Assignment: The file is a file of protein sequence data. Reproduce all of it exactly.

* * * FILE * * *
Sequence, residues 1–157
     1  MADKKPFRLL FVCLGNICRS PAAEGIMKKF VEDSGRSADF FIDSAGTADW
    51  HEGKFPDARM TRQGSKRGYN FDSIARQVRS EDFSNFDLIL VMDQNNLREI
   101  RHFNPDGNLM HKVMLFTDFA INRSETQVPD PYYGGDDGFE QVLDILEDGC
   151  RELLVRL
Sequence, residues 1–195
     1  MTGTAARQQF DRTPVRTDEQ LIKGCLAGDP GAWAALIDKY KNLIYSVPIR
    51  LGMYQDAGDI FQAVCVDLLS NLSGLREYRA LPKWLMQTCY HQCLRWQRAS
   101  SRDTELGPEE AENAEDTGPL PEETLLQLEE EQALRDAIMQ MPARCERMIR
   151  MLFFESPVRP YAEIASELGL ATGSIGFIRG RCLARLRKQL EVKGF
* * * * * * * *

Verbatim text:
Sequence, residues 1–157
     1  MADKKPFRLL FVCLGNICRS PAAEGIMKKF VEDSGRSADF FIDSAGTADW
    51  HEGKFPDARM TRQGSKRGYN FDSIARQVRS EDFSNFDLIL VMDQNNLREI
   101  RHFNPDGNLM HKVMLFTDFA INRSETQVPD PYYGGDDGFE QVLDILEDGC
   151  RELLVRL
Sequence, residues 1–195
     1  MTGTAARQQF DRTPVRTDEQ LIKGCLAGDP GAWAALIDKY KNLIYSVPIR
    51  LGMYQDAGDI FQAVCVDLLS NLSGLREYRA LPKWLMQTCY HQCLRWQRAS
   101  SRDTELGPEE AENAEDTGPL PEETLLQLEE EQALRDAIMQ MPARCERMIR
   151  MLFFESPVRP YAEIASELGL ATGSIGFIRG RCLARLRKQL EVKGF